Rank hypocrisy rates top spot – Arkansas Online

A recent article here discussed the nascent boycott of U.S. News rankings by a handful of law schools. To date, thankfully, neither Arkansas law school has joined this undertaking.
Twenty (out of about 200) law schools will cease submitting data to the magazine. In response, U.S. News announced it will simply evaluate them with whatever information is publicly available.
The back story to this train wreck is critical for contextualizing this crackpot concept.
While the leftist academic monasteries that are law schools demand demographic diversity, they eschew diversity of perspective. Pigment and plumbing permutations, yes, please. Viewpoint variation, no thanks.
Exhibit A: After a conservative Yale law student used the term “trap house” in an email, the school’s diversity Stasi, while referring to the student’s political-organization affiliation as “triggering,” tried to intimidate him into signing an administration-prepared apology straight from the Soviet show-trial playbook. When he refused, administrators publicly rebuked his actions.
The student secretly recorded and courageously shared the browbeating, putting on full display Yale’s long-standing, previously shrouded antagonism towards conservatives.
In reaction to this and other public revelations of anti-conservativism at Yale, more than 14 federal judges decided they no longer will hire its graduates. That’s enormously significant.
Schools vie to have their alumni obtain these coveted positions. And lawyers landing these rare spots have a leg up in becoming law professors and obtaining important practice and policy positions.
Yale’s antipathy towards conservatives shares common cause across academia. In Arkansas, for example, Little Rock’s then-law dean emailed the entire faculty and student body bemoaning Trump’s election shortly thereafter.
If only that dean had the foresight to have recognized that leftist anti-democratic screeds might be looked askance outside the academic echo chamber. He resigned shortly after being so enlightened.
And beware investigating the fraud of race-based admissions. You don’t dare even scratch the surface of sacred set-asides without suffering sanctions. After all, affirmative action is the biggest dirty little secret in academia, and fight-club rules apply: The first rule of affirmative action is that we don’t talk about affirmative action.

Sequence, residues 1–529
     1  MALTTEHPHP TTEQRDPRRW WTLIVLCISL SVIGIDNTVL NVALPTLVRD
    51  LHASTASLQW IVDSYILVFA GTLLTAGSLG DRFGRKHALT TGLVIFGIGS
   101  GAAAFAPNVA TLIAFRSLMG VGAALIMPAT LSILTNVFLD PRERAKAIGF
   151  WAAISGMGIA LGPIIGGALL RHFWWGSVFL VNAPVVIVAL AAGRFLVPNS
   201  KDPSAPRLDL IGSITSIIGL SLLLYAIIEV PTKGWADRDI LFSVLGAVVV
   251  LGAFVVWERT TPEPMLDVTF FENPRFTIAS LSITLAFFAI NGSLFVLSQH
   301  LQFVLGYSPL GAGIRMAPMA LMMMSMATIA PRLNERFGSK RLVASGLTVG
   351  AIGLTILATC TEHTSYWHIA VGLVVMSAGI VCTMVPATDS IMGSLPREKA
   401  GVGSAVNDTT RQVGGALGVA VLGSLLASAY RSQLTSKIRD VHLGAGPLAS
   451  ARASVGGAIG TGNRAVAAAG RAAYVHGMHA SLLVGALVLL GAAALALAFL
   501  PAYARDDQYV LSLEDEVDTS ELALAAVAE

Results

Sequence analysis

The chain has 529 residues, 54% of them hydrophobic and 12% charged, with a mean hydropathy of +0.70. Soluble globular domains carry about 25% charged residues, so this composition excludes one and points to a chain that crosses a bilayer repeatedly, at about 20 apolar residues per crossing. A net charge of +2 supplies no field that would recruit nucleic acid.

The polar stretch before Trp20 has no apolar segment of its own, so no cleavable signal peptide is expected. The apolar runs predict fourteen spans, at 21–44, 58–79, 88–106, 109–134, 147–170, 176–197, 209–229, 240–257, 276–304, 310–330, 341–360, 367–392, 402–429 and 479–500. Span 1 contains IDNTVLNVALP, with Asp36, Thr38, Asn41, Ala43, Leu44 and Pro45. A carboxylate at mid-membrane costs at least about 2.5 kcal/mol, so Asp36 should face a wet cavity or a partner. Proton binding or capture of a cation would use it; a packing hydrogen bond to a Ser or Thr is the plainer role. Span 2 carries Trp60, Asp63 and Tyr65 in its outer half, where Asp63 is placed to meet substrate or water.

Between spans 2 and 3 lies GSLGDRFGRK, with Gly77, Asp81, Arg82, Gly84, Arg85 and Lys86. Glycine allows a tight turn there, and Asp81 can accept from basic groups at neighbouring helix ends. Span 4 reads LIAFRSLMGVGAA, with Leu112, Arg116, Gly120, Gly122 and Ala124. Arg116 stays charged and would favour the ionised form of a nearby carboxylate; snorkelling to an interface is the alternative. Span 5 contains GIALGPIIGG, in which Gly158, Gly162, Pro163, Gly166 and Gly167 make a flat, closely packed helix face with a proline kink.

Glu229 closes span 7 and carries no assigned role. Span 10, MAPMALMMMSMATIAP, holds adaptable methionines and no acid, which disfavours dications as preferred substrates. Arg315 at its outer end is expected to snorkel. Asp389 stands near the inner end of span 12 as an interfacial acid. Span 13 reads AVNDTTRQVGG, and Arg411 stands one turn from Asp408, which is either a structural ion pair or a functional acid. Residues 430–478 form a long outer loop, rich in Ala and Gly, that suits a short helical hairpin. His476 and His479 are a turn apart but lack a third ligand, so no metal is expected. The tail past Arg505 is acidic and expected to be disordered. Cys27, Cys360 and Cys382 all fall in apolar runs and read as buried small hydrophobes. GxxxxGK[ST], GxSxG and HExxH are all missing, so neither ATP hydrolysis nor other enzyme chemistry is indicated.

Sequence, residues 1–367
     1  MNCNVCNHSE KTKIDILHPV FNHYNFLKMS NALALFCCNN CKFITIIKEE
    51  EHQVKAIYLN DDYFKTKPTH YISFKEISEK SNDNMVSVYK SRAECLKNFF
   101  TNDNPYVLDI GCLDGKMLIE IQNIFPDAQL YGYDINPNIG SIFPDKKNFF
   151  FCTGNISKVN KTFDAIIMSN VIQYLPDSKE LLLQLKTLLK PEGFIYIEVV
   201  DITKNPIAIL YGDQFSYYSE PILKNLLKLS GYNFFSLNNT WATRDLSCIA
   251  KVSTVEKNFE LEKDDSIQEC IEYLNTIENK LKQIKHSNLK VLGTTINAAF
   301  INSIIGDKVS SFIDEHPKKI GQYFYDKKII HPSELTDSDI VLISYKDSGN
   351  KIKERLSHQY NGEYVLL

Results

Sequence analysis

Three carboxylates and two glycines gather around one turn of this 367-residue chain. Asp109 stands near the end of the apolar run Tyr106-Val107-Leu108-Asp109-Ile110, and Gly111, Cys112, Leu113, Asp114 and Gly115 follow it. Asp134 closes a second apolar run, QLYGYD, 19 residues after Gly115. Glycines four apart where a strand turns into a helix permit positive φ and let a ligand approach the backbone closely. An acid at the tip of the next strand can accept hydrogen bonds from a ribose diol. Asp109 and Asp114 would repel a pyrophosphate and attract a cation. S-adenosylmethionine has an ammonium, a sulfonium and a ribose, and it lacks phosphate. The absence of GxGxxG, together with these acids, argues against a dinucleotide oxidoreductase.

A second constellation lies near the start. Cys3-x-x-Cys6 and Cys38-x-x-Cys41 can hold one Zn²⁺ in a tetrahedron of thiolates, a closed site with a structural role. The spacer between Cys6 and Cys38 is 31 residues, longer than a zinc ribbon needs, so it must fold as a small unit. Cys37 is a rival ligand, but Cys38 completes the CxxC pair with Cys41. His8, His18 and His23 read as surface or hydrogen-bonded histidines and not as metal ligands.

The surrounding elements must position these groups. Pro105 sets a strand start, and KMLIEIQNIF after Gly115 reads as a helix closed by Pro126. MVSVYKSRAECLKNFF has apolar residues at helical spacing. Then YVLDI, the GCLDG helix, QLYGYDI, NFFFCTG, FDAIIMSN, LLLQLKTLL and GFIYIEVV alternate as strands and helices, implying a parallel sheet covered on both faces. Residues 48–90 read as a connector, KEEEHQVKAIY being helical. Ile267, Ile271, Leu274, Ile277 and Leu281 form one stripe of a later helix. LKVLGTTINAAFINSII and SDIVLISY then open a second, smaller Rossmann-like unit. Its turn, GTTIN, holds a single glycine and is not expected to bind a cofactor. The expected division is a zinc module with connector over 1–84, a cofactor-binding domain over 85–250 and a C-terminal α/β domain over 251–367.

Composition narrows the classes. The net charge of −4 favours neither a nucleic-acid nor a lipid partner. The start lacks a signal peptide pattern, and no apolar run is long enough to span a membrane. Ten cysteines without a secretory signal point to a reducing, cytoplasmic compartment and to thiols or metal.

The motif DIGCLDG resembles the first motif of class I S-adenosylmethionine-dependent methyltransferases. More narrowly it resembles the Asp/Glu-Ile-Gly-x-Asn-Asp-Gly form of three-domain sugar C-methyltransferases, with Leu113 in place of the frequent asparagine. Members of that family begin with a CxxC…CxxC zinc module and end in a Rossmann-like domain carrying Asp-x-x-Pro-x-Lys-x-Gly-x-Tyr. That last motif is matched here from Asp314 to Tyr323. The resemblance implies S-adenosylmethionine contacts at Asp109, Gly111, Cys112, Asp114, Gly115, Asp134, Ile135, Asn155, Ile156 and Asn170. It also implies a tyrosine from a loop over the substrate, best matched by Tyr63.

Consider U.S. News rankings: Yale always ranked first. But its top spot is in jeopardy. Reputation accounts for 40 percent of the calculus. And even prior to these scarring events, Yale’s sheen was tarnishing. The federal-judge hiring blackout will only further laden Yale’s stature.
On the heels of these transformational events, sure enough, Yale initiated the U.S. News boycott. Yale’s public complaints weren’t that its rarefied reputation was dropping. Nothing so candid.
Rather, Yale claimed that heavily weighing law school admissions test (LSAT) scores and undergraduate grade-point averages hurts schools that want to admit “promising students” who couldn’t afford test-prep courses and rewards giving scholarships for high scores, not financial need.
Put aside that test-prep classes have limited effect and are free to underprivileged students. LSAT scores are a good predictor of bar passage and are even stronger indicators for minorities.
Also, never mind that Yale has a $1.2 billion endowment. Yale contends “millions of dollars of scholarship money now go to students with the highest scores, not the greatest need.”
First, these self-styled “scholarships” are almost invariably reductions in made-up, sticker-price tuitions that less than a quarter of American law students ever pay.
Second, how are lower-ranked schools magically scooping Yale in attracting top scorers in the first place? If it’s by offering a more reasonable price, maybe Yale’s $69,000 per year tuition is to blame.
I received significant need-based aid while at Columbia with an LSAT percentile not to be exceeded. My school didn’t compensate me for my LSAT score. I guess Columbia figured out a way to do it.